Federal Land Use Planning

The State provides coordinated input to a variety of land use plans being developed by federal agencies throughout the state. Federal resource agencies such as Bureau of Land Management (BLM), the U.S. Forest Service, the National Park Service and the U.S. Fish and Wildlife Service undertake planning processes in order to develop supportable management strategies for federal lands these agencies manage in Alaska. State participation in the development of these land use plans is important to ensure continued access to state lands and resources and ensure that state interests are considered throughout the planning process.

In addition, the Alaska National Interest Lands Conservation Act (ANILCA) directs federal agencies to consult and coordinate with the State of Alaska. State agencies responsible for natural resources, tourism, and transportation work as a team to provide input throughout federal planning processes.

BLM Management Plans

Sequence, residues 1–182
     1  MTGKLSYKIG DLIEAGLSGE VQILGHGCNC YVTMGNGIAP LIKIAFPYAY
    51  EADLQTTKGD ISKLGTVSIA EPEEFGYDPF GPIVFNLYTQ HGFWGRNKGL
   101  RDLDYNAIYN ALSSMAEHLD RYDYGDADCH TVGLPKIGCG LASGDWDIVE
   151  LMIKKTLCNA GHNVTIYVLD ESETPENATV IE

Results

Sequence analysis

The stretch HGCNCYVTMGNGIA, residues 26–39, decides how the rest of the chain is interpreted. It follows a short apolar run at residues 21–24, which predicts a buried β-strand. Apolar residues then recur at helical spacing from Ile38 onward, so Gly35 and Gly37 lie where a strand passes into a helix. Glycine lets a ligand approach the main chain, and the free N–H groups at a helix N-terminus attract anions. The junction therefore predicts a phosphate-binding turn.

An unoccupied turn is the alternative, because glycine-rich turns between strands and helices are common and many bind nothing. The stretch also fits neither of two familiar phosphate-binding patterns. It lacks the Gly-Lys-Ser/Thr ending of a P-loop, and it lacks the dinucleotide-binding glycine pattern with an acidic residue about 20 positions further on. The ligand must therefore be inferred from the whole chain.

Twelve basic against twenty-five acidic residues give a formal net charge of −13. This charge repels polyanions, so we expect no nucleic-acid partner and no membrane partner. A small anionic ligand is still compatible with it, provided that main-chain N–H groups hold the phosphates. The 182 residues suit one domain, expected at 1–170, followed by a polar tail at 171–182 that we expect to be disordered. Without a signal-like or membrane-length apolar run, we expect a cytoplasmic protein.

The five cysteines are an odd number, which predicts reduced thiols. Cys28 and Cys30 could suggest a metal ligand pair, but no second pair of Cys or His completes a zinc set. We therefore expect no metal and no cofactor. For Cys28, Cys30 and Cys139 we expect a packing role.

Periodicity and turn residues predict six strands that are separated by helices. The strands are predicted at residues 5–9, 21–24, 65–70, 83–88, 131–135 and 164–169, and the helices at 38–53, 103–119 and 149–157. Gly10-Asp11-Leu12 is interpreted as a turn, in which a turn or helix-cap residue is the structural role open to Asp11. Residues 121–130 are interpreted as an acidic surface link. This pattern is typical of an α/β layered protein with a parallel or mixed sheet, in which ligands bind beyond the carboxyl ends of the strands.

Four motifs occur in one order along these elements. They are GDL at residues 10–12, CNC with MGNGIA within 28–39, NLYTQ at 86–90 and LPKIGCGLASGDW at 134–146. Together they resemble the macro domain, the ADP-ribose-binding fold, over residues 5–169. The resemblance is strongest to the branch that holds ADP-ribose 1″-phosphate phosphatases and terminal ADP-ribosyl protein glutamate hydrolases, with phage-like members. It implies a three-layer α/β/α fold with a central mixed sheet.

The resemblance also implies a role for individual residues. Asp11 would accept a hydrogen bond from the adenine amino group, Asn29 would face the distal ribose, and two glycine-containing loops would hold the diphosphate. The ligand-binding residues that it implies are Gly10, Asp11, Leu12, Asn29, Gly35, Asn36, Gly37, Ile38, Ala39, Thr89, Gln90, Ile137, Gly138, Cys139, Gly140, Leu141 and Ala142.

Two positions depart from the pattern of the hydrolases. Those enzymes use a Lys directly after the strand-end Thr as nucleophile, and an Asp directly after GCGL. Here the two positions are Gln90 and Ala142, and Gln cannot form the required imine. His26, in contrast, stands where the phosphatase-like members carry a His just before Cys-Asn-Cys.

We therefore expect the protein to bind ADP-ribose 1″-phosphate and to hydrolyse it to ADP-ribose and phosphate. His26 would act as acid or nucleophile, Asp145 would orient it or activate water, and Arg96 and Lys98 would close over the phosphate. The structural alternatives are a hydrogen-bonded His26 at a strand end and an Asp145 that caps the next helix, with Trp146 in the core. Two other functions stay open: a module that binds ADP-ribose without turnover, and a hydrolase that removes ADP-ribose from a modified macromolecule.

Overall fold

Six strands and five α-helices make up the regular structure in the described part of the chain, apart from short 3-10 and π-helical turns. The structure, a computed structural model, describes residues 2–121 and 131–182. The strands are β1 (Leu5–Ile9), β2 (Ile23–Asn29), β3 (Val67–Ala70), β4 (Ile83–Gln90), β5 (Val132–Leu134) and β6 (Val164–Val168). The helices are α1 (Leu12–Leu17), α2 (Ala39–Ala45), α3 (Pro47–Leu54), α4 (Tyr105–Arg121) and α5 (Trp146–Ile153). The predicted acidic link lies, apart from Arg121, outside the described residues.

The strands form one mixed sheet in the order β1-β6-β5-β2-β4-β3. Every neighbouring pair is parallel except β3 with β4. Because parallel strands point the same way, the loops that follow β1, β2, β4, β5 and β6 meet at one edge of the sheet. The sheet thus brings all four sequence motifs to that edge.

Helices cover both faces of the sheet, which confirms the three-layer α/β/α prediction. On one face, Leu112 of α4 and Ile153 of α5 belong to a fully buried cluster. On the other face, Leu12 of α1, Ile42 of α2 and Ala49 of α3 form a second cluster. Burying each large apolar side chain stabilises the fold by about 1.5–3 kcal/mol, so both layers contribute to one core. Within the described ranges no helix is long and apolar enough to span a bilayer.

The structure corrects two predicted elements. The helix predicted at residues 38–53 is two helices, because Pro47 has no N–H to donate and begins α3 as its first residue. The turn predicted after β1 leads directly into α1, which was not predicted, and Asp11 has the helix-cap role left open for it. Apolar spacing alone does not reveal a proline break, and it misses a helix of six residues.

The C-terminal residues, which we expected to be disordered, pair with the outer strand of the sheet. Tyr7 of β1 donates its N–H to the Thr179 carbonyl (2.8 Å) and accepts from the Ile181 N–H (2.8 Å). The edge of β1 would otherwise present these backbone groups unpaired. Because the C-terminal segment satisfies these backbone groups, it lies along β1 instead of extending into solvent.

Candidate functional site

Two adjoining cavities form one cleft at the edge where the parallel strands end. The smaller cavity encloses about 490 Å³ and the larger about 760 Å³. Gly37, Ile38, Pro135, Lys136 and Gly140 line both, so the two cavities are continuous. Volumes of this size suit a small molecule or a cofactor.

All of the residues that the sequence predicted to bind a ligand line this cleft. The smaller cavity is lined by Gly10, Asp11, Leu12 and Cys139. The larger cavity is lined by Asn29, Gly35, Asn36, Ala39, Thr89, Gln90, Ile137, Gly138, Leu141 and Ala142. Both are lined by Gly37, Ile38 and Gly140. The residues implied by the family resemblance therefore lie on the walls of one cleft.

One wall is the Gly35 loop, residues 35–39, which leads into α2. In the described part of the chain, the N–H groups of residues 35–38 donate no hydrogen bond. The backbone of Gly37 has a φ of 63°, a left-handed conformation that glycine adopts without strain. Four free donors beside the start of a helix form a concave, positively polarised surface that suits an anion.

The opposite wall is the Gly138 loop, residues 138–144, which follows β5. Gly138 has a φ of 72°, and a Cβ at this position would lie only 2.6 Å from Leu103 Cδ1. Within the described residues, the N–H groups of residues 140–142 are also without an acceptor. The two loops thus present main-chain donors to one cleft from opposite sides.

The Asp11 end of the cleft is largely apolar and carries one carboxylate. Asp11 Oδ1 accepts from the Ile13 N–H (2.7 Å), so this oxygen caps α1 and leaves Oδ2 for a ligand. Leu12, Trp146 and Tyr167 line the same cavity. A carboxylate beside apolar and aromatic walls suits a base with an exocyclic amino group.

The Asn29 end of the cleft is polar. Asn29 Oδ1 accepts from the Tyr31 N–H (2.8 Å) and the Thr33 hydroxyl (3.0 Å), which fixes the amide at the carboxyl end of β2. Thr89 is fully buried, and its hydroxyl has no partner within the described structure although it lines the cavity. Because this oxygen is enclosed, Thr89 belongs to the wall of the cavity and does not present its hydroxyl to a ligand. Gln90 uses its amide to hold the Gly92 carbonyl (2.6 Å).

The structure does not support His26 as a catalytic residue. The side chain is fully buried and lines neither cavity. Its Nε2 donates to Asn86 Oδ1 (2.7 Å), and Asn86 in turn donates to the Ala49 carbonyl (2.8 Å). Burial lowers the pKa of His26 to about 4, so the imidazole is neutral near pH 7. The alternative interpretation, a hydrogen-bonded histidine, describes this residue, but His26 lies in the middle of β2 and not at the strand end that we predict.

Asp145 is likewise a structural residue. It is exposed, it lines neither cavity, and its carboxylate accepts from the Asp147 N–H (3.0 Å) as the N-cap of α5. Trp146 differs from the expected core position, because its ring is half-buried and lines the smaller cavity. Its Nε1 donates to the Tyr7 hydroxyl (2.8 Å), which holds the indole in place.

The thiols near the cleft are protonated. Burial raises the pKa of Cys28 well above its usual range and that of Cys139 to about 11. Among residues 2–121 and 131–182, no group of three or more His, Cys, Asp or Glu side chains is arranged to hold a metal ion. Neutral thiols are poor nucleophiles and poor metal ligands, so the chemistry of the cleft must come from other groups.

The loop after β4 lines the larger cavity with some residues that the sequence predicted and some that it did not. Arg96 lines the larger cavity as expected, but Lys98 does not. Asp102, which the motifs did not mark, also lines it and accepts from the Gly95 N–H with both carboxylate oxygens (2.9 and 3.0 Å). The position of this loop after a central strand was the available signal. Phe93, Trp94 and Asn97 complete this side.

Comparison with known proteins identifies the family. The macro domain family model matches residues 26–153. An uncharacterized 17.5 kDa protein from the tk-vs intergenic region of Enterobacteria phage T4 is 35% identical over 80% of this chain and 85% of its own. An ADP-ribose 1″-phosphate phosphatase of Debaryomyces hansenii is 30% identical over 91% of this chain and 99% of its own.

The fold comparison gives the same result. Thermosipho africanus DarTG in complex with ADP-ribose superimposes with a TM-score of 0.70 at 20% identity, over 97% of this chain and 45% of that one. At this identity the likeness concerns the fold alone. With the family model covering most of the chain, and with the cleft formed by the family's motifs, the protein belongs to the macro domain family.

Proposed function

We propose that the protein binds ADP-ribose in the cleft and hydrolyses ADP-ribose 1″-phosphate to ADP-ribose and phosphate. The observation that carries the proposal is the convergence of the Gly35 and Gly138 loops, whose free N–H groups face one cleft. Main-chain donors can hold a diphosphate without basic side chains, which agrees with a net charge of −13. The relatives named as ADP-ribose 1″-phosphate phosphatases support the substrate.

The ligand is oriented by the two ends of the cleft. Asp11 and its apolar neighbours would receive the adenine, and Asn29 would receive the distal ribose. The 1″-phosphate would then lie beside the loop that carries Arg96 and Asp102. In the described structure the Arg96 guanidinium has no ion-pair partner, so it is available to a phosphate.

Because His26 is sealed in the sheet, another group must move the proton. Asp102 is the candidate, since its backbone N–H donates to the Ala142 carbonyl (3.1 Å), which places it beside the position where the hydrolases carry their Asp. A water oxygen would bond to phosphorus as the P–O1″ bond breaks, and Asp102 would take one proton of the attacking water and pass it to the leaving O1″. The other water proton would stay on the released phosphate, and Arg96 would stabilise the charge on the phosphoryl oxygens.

Why does BLM prepare Resource Mgmt Plans?

The State provides input to BLM throughout the planning process in order to ensure that the resulting BLM Resource Management Plan is consistent with management of adjacent state lands and resources, addressing issues such as access and resource development. Following the adoption of Resource Management Plans (RMPs) subsequent management plans for special management areas are developed, usually within five years. BLM has also begun work on several step-down plans.

Eastern Interior Resource Management Plan

The state is currently participating in the Eastern Interior Resource Management Plan process. The Eastern Interior Planning Area is located in eastern Alaska and is bounded by the Brooks Range on the north, the Dalton and Elliott Highways on the west, the BLM Fairbanks/Anchorage District boundary on the south, and the U.S. Canada border on the east.

**NOTE: Links to BLM website, USDA website (Tongass) and other links are EXTERNAL.**